The Czech Ministry of Health has indicated that it will take marijuana off the list of banned substances and allow it to be prescribed by doctors for its medical effects. “By the end of this year we will submit to parliament an amended law on addictive substances which will move marihuana from the list of banned substances to the list of those which can be prescribed,” Deputy Health Minister Martin Plíšek pledged.
Czech health experts are in favor of allowing medical marijuana to be prescribed for a wide range of conditions with home grown marijuana in the Czech Republic used to compliment imports, according to a working group paving the way for medical marijuana to be offered for the first time in the country. The head of the working group, Tomáš Zima, who is rector of the medical faculty at Prague’s Charles University, initially indicated that the Czech Republic would favor imports alone when expected legal changes allowing marijuana to be prescribed for patients are completed.
A government expert group is adding finishing touches to new draft legislation proposing the legalization of marijuana for medical purposes. While still banning patients from growing medical cannabis on their own, the amended legislation allows importing as well as the cultivation of medical hemp by local private companies under strict state supervision. The committee, whose existence was prompted by a petition initiated earlier this year by doctors, researchers and patients and is supported by the chairwoman of the lower house of Parliament, is supposed to submit the final draft proposal to the Prime Minister in about a week’s time.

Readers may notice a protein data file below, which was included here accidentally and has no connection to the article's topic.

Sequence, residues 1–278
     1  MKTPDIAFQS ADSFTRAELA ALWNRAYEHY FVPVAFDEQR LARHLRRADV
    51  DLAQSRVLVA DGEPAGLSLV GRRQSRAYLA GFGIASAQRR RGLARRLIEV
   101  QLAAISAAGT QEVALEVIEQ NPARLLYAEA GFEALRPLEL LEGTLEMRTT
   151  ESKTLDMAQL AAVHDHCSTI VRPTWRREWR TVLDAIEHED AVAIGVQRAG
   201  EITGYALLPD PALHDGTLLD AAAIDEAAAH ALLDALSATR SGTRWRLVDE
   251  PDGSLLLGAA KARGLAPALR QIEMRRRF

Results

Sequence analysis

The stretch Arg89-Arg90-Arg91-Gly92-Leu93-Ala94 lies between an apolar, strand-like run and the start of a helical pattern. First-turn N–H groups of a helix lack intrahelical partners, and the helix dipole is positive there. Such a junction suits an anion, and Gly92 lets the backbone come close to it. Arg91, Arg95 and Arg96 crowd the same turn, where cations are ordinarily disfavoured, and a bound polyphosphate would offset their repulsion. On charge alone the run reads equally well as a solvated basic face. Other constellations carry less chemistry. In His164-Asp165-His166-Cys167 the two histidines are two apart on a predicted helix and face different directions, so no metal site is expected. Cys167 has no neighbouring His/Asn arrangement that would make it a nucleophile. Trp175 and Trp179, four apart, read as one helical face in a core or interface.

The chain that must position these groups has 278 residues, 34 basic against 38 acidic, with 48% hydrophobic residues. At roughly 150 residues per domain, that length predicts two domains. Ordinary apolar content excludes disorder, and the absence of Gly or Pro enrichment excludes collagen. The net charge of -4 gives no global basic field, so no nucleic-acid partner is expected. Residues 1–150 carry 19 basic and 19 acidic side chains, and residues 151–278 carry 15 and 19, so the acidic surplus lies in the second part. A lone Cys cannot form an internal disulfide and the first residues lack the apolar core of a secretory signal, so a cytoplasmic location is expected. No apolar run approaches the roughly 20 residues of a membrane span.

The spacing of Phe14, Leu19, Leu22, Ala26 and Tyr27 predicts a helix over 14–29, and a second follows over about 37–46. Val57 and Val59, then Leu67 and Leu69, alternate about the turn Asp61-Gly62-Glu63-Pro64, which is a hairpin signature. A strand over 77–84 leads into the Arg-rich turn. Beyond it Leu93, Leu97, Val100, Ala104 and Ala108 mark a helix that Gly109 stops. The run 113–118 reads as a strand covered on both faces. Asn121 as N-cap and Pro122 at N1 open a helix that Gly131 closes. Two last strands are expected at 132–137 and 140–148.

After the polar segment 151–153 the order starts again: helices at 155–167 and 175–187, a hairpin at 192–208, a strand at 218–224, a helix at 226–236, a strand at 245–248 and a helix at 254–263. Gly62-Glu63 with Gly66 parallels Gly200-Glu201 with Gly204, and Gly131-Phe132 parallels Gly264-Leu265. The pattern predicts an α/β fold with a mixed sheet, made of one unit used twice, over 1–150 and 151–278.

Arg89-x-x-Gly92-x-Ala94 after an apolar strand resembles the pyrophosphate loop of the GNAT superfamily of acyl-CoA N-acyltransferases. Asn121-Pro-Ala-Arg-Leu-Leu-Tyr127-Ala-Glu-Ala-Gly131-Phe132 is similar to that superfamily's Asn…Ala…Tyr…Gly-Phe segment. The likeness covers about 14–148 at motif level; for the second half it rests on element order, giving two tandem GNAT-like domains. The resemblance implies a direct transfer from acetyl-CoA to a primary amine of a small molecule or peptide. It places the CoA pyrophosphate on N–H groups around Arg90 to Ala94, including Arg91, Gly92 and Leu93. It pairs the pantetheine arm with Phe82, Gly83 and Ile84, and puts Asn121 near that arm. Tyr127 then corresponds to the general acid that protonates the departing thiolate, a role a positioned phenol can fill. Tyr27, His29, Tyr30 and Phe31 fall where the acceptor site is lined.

Last week's request by Govs. Chris Gregoire and Rhode Island's Lincoln Chafee to have the federal government reclassify marijuana as medicine--which at first glance looked like unalloyed good news for those who support safe access for patients--is actually a double-edged sword.
A high-ranking U.S. Justice Department official who wrote a memo saying state medical marijuana laws do not provide immunity from federal prosecution refused to say whether a recent crackdown in California signals a shift in federal policy that may result in a crackdown in other states. Deputy Attorney General James Cole said the memo sent to U.S. attorneys in June speaks for itself, and he said U.S. attorneys have discretion in how federal law is enforced in their districts.
Recently, the California Medical Association, representing more than 35,000 physicians, the largest statewide physician organization in America, boldly decided to adopt a different, more pragmatic approach to the polarizing issue of marijuana decriminalization. The decision – the result of a carefully considered process, painstakingly researched and debated for more than one year – is centered on one concern above all others: patient safety.
Like every section that's left of the mostly vetoed medical-marijuana-reform law that passed in April, section 403 is vague, confusing, and inadequate to the task of regulating cannabis. Section 403, however, might be the single most important scrap of law to survive Gov. Chris Gregoire's veto pen. It's from this section, after all, that the City of Seattle, just three days ago, effectively legalized medical-marijuana gardens and dispensaries (city officials prefer the term "access points").
In October 2009, medical marijuana advocates celebrated a U.S. Department of Justice memo declaring that federal authorities wouldn't target the legal use of medicinal pot in states where it is permitted. The memo from Deputy U.S. Attorney General David Ogden was credited with accelerating a California medical marijuana boom, including a proliferation of dispensaries that now handle more than $1 billion in pot transactions. But last month brought a new memo from another deputy attorney general, James Cole. And this time, it is stirring industry fears of federal raids on pot dispensaries and sweeping crackdowns on large-scale medical pot cultivation.
Why is the U.S. government cracking down on medical marijuana, a $1.7 billion business — and one of the few that seems to be thriving in a moribund economy? In early October, the Justice Department announced that it would be targeting medical-marijuana dispensaries in California. Calling large dispensaries "profiteers" that "hijacked" the state's medical-marijuana law, "motivated not by compassion but by money," California's four U.S. Attorneys announced the arrests of two major dispensary owners and a lawyer they accused of making millions from growing the drug.